Such blind faults are particularly pernicious, since they are only revealed when they produce a destructive earthquake. Indeed, we cannot eliminate the possibility that an undetected blind fault directly underlies the DCNPP, one which could rupture the plant’s foundations during a quake. The largest historical event in the San Luis Obispo County region was the M 7.1 quake centered west of Lompoc in 1927, which may have been associated with the Hosgri fault zone. This quake produced a small tsunami wave which impacted the central coast region.
Map of Major Faults Associated with the San Andreas Fault Zone
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This map provides a larger-scale view and is derived from a 2005 paper published by the Geological Society of America. The map shows the relation of the larger active faults near the DCNPP to major regional-scale fault zones associated with the San Andreas fault. The San Andreas is a major tectonic plate boundary and comprises one of the largest fault zones on the planet.
The critical feature of this map as it relates to DCNPP is the linkage of the Hosgri fault with the San Gregorio fault to the north, which in turn merges smoothly with the San Andreas fault. This linkage extends the effective length of the Hosgri fault to at least 450 kilometers.
Fault length, and hence the potential length of fault rupture during a single earthquake event, is critical for estimating the potential magnitude of an earthquake event. The California Energy Commission reports that DCNPP is designed to withstand a M 7.5 quake on the Hosgri fault. However, this maximum credible quake estimate for the Hosgri does not take into account its linkage with the San Gregorio / San Andreas fault system, which significantly increases its destructive potential.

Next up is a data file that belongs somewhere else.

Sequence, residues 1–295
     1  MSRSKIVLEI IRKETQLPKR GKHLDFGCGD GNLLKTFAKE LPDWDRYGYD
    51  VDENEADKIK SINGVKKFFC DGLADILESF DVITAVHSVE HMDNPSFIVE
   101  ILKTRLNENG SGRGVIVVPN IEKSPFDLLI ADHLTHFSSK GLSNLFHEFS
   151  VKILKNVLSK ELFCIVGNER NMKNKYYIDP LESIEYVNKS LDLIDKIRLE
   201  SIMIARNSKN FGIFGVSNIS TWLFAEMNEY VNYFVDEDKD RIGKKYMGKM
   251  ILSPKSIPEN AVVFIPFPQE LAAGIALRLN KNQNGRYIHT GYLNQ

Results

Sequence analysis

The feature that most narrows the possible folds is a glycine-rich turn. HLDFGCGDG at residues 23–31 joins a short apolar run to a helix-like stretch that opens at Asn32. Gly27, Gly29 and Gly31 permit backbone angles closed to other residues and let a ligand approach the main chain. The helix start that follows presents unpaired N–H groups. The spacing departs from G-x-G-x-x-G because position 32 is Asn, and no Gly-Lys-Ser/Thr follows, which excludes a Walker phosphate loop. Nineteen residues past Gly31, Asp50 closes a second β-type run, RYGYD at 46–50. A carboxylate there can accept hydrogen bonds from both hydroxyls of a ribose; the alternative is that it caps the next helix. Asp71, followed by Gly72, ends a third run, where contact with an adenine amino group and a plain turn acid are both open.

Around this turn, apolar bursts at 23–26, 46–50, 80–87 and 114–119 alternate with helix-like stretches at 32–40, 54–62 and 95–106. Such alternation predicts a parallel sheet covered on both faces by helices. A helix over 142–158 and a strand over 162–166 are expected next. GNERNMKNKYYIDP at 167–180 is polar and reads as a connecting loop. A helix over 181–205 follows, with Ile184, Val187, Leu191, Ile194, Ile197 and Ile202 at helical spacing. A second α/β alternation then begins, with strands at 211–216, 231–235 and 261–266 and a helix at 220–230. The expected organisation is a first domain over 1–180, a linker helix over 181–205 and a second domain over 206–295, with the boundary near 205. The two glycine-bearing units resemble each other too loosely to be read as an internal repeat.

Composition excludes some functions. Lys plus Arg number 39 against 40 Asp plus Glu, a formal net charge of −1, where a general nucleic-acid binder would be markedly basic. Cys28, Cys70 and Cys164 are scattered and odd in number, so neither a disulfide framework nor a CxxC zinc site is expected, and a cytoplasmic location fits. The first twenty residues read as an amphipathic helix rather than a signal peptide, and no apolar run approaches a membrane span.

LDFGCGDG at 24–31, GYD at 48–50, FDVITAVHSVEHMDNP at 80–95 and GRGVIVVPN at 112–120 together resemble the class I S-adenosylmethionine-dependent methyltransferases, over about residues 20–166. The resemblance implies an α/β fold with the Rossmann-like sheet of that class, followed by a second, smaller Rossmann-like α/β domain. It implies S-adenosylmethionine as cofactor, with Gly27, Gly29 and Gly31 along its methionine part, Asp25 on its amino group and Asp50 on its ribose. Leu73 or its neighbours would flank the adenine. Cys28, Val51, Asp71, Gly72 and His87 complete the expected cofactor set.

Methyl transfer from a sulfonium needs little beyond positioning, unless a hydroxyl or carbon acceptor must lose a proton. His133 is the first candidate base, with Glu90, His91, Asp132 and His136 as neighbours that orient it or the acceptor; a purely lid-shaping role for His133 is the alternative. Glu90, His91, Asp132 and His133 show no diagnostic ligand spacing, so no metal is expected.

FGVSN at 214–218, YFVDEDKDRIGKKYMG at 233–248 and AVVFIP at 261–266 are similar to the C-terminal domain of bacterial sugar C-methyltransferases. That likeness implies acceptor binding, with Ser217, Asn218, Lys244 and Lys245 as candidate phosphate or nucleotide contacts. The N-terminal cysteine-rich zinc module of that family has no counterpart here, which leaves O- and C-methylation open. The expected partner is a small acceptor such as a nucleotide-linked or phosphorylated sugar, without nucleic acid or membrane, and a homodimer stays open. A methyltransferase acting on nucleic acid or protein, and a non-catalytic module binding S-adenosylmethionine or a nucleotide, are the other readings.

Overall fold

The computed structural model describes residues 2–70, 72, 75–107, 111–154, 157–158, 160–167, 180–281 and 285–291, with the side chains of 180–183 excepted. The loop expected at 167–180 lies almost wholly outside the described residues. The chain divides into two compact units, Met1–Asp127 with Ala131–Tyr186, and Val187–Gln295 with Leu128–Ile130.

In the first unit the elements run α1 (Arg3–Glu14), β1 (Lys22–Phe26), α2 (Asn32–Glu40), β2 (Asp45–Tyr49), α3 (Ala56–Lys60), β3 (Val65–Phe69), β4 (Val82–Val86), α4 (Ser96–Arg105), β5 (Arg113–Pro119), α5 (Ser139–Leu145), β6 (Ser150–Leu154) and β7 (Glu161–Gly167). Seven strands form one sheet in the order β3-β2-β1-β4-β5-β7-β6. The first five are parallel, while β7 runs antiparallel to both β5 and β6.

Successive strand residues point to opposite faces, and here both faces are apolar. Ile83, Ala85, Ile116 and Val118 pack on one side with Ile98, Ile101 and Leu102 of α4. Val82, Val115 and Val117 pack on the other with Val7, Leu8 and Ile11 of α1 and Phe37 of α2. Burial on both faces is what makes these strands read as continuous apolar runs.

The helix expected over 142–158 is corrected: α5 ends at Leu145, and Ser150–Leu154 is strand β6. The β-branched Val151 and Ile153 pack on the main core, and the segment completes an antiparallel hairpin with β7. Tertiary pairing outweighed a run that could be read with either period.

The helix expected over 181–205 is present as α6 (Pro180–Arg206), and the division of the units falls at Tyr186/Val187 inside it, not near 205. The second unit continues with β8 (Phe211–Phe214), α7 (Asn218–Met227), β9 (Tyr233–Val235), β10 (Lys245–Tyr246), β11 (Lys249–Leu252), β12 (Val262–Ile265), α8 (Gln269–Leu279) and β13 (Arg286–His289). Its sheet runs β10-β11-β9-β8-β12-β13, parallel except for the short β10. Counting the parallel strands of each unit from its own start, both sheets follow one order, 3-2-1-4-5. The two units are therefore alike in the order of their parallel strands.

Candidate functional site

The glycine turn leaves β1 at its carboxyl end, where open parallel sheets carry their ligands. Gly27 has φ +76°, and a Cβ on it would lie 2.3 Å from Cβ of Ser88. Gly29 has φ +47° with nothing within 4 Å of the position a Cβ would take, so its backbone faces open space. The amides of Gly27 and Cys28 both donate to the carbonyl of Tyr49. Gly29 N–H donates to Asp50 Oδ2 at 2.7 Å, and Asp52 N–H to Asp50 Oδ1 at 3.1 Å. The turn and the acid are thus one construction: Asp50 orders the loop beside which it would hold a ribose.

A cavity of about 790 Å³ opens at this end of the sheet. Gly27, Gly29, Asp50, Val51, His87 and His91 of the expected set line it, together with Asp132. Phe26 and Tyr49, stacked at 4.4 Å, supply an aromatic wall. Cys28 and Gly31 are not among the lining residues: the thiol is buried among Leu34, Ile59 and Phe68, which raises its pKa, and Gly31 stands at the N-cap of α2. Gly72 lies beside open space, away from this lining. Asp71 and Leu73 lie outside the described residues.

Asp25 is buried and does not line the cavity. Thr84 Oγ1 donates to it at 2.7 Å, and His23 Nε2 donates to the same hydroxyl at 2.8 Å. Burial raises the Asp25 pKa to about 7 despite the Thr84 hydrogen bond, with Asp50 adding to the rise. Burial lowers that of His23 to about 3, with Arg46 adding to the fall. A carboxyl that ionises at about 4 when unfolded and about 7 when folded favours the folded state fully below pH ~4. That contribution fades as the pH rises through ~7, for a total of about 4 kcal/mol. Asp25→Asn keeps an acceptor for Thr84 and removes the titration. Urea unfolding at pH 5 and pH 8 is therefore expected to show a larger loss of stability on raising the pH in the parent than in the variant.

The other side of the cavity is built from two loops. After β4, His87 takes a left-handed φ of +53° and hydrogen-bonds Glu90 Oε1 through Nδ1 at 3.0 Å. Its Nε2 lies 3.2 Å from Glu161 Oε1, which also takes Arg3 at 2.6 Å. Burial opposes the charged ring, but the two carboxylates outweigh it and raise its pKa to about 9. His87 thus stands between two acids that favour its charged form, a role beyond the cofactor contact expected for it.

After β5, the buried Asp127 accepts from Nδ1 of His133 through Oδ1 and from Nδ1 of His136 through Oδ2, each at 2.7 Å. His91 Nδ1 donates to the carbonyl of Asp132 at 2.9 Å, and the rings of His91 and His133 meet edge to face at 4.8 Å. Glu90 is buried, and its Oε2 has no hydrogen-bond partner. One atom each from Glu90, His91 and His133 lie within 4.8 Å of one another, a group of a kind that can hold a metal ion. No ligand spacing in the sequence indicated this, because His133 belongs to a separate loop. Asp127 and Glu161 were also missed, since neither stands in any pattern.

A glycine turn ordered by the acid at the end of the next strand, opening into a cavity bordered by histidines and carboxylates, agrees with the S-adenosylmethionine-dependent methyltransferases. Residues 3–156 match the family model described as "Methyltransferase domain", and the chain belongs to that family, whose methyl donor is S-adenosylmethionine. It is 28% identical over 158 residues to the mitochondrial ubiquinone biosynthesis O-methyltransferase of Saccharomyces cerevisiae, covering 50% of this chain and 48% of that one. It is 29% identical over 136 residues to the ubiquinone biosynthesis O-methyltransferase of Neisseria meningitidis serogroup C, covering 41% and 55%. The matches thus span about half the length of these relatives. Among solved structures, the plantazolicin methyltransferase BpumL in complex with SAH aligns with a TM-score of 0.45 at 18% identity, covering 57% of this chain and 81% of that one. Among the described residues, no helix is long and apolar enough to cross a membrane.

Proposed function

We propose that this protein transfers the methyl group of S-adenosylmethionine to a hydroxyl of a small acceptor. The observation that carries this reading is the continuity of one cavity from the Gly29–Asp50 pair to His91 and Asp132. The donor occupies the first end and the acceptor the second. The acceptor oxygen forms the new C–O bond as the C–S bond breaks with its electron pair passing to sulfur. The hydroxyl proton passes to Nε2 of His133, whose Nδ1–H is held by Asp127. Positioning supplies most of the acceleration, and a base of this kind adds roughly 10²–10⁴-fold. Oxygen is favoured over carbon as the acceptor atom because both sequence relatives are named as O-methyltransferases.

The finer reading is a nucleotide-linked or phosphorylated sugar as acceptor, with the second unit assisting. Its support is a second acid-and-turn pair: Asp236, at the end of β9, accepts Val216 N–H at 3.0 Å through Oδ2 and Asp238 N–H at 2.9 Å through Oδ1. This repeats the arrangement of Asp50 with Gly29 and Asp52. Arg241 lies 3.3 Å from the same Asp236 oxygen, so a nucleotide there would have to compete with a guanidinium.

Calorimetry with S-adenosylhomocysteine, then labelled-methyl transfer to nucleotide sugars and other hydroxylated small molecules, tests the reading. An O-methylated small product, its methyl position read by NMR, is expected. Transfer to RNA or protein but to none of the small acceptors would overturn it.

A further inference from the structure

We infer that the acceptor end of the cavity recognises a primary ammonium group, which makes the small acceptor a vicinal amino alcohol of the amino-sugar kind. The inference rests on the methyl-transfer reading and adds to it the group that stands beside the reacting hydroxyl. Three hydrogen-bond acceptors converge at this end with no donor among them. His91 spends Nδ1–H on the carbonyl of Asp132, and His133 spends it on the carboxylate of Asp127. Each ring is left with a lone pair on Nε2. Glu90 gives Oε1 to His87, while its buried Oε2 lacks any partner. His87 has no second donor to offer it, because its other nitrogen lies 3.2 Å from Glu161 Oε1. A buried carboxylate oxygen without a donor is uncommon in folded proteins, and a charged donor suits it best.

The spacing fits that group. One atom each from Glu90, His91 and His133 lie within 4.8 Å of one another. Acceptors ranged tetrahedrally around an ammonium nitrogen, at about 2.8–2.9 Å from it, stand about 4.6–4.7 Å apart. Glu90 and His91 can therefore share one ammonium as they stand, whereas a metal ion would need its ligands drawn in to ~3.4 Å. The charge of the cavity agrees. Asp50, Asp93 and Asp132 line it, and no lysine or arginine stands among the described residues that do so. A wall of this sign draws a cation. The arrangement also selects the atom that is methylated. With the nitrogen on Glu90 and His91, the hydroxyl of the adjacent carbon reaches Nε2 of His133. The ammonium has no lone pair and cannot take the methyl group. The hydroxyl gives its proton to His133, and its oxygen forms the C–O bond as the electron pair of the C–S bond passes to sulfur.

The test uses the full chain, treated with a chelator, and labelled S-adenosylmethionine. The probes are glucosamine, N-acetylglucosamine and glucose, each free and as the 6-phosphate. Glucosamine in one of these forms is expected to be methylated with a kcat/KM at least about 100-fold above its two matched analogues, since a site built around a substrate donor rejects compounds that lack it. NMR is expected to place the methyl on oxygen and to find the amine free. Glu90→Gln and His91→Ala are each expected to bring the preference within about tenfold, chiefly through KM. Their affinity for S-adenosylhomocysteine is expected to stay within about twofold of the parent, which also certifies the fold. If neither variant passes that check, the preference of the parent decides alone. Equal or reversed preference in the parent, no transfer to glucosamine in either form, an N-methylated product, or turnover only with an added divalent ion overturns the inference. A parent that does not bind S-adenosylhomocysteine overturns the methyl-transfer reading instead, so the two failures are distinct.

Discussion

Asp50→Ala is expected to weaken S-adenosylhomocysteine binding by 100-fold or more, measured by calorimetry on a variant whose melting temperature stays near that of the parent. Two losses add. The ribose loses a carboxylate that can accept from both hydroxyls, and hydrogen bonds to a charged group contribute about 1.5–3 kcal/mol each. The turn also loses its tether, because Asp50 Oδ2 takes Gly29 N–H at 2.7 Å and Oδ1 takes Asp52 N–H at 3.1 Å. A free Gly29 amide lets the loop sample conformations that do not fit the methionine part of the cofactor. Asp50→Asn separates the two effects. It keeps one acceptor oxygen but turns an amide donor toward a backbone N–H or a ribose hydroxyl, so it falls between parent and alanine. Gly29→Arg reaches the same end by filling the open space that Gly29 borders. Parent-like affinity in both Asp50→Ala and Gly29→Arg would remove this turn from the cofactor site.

Should the entire 450 kilometer length of the Hosgri-San Gregorio fault zone rupture at once, the USGS estimates this would produce a M 8.2 event (Wells & Coppersmith scaling method). Such an event would be about 11.2 times more powerful than the current design capacity of the DCNPP, and would likely lead to plant failure and radiation release. Furthermore, should the rupture extend beyond the Hosgri-San Gregorio complex onto the northern San Andreas fault, then an even larger, extremely destructive event would be produced.
A final critical point is the linkage between the Hosgri and the newly-discovered Shoreline fault. This linkage extends the reach of the dangerous, 450 kilometer-long Hosgri-San Gregorio fault zone to within 1800 feet of DCNPP. This further highlights the inadequacy of PG&E’s assessment of the seismic safety of DCNPP.
PG&E has not only seriously underestimated the length and destructive potential of the Hosgri, but also has significantly overestimated the separation between DCNPP and this structure, via linkage along the Shoreline fault. The 1800 feet separation is just 15% of the 2.5 mile separation distance used by PG&E in its assessment. The greater proximity of the potential rupture zone to the DCNPP increases shaking intensity and the potential for much greater damage at the plant compared to PG&E’s current assessment.
The U.S. Geological Survey believes that a M 8.2 earthquake caused by a 450 kilometer-long rupture of the very dangerous linked Hosgri-San Gregorio-Shoreline fault zones is a realistic worst case scenario for the DCNPP. DCNPP clearly is not designed to withstand such an event, and PG&E clearly has not addressed this scenario in their assessments of the seismic risk for the plant. Thus PG&E’s continued statements that DCNPP is safe seem hollow indeed.
In light of the above, we can only assume that PG&E sees the safety of central coast residents as a secondary concern, while placing highest priority on insuring continued operation of DCNPP and continued flow of plant revenue to PG&E shareholders.
Erik B. Layman received his B.Sc. and M.Sc. degrees in geology from Stanford University and has been in the geothermal energy business for over 30 years.